The traffic situation in Parkmore Business Park is “not only an inconvenience, it is dangerous”. With people “caught in their cars for over an hour”, demands are being made for the gardaí to be brought in to deal with traffic management at peak hours.
Labour city councillor Niall McNelis is calling on City Hall chief executive Brendan McGrath to request the gardaí for assistance in dealing with the situation. While he acknowledged that works are in the pipeline for a new entrance, the new exit and road layout is not expected to be completed until 2017. Furthermore Cllr McNelis was critical of the absence of a traffic management plan during the original construction of the park.
“It was an utter disgrace that no one thought of a traffic strategy while developing this business park,” he said. “People stuck for more than an hour outside their work place in the evening are panicking, getting anxious, and this will, and does, lead to aggression - which no one needs trying to get home in the evening.
Last December, workers at Parkmore were informed that a working group had been formed “to find and drive solutions to traffic issues” at Parkmore. The Parkmore Traffic Action Group includes the Galway city and county councils, and the IDA. The notice said the IDA intended to apply for planning permission for construction of a new link road and junction to connect with an existing access road, within the park, to alleviate traffic travelling to the N17.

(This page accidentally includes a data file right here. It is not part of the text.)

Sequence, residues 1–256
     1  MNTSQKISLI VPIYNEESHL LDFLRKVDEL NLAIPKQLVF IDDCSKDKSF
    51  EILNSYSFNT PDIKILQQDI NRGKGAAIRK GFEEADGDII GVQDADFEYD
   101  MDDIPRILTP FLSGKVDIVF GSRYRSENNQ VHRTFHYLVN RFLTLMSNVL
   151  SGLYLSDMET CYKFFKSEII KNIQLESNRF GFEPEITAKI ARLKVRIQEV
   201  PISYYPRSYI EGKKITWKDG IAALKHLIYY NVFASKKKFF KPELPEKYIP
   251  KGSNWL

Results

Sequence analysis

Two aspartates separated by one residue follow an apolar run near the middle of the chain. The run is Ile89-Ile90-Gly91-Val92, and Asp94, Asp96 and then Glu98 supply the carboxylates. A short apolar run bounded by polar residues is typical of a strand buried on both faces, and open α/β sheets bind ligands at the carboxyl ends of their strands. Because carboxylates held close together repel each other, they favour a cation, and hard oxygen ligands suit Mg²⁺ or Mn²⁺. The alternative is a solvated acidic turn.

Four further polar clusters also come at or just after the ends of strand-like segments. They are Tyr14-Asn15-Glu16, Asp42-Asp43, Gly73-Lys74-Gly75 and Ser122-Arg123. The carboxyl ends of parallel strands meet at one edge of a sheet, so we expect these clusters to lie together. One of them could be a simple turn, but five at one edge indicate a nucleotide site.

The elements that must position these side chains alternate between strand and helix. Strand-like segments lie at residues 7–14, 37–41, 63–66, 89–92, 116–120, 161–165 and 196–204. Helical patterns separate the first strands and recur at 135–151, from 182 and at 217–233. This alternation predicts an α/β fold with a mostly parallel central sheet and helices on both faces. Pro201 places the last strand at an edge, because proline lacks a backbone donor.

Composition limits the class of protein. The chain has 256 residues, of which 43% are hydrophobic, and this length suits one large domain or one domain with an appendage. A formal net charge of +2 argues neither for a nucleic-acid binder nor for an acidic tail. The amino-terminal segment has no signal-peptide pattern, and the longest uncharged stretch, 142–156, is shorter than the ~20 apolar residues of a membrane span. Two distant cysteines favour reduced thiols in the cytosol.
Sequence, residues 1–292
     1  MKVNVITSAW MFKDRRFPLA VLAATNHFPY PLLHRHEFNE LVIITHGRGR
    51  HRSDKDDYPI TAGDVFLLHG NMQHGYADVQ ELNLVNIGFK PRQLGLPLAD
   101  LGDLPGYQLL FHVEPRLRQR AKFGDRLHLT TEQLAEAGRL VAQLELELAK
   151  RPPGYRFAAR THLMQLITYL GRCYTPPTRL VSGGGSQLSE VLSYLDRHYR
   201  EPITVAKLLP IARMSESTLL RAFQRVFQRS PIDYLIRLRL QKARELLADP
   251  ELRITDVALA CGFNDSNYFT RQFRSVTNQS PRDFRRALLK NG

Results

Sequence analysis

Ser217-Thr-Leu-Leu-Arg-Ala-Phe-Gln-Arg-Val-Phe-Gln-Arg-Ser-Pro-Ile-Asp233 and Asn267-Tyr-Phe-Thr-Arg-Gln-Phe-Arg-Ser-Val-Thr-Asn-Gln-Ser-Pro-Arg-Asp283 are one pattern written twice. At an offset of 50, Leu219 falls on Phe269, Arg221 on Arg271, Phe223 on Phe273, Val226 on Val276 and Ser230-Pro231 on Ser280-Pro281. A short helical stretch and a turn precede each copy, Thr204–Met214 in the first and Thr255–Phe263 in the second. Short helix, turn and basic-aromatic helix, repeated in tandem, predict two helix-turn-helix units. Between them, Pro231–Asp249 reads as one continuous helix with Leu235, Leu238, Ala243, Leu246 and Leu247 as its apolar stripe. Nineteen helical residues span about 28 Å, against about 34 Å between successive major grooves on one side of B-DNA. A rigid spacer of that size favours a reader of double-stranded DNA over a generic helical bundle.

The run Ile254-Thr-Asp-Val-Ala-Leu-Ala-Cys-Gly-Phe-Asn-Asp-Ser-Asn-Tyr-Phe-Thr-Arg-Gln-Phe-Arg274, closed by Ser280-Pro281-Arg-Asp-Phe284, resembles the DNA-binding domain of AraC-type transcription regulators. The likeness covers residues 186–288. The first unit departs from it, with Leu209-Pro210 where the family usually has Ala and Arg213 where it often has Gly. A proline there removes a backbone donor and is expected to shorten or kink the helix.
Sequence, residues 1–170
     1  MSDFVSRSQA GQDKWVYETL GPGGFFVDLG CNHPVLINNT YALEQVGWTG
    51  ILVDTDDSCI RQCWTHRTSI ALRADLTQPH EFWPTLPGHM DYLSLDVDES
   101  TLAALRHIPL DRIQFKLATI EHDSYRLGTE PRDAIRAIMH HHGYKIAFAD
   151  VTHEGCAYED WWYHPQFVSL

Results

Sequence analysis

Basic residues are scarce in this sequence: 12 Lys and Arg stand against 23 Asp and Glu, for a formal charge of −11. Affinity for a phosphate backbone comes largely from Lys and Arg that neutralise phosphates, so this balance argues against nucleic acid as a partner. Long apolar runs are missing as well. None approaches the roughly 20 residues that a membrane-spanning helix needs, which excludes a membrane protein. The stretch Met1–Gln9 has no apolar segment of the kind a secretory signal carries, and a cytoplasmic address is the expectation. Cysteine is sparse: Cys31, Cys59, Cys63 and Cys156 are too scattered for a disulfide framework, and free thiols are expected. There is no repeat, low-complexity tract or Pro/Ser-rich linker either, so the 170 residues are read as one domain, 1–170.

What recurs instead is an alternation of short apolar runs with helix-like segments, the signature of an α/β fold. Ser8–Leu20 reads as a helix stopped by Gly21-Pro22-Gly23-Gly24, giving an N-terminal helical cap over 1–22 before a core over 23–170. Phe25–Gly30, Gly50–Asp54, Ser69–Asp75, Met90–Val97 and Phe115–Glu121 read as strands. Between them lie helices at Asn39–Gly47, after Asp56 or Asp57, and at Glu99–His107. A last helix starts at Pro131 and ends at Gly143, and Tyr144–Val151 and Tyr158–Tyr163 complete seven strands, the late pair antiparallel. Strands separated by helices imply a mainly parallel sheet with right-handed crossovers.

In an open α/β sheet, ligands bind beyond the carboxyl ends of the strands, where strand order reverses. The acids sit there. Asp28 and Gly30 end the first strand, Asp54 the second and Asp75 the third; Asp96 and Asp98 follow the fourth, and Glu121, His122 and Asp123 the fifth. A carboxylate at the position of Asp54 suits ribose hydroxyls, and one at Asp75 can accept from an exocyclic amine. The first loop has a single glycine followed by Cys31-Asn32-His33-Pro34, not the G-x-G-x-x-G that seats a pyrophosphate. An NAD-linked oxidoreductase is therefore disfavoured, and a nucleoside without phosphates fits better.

In February, workers were informed that the IDA and Galway County Council had agreed a design for the second exit/entrance into the park, from Parkmore Road, and the formal planning application was submitted on Friday February 12. Work was expected to begin in April, however an appeal was lodged on May 4.
One worker at Parkmore, Tomás Cooley, outlined the considerable delays in getting home from work, owing to the severe congestion in the area. Leaving Parkmore at 4:25pm, Mr Cooley noted how it took 30 minutes to get to the gate; 25 minutes to get from there to the T-junction on the main road; a further 25 minutes to get to the lights at Brierhill junction; followed by, and in contrast to a 25 minutes journey home to Loughrea.
“I eventually made it home at 6.15pm when normally I would be home at 5pm,” he told the Galway Advertiser. “There is widespread anger in the business park at the moment and people’s lives, appointments, and arrangements are being put in serious jeopardy.”
Mr Cooley has expressed doubts that the proposed new road will solve the current problems of congestion and he is calling on local politicians to become more proactive on the issue.
In response to Mr Cooley’s criticisms, the IDA, in an email to him, admitted the situation “is unacceptable and hugely frustrating for employees”. It said the IDA is will continue to work with the Parkmore Traffic Action Group “to advance a range of measures to alleviate and solve the problem”.
Sinn Féin city councillor Cathal Ó Conchúir has called the situation a “disgrace”. Her said he intends to ask the other councillors to join him in meeting with City Hall’s traffic Corps “to see if they can provide a temporary solution to the problem”.
Cllr Ó Conchúir noted how most traffic lights in the city are connected to a central viewing area in City Hall, but that these are only manned during Race Week. He added that he will endavour to have personnel engaged there "during peak traffic times".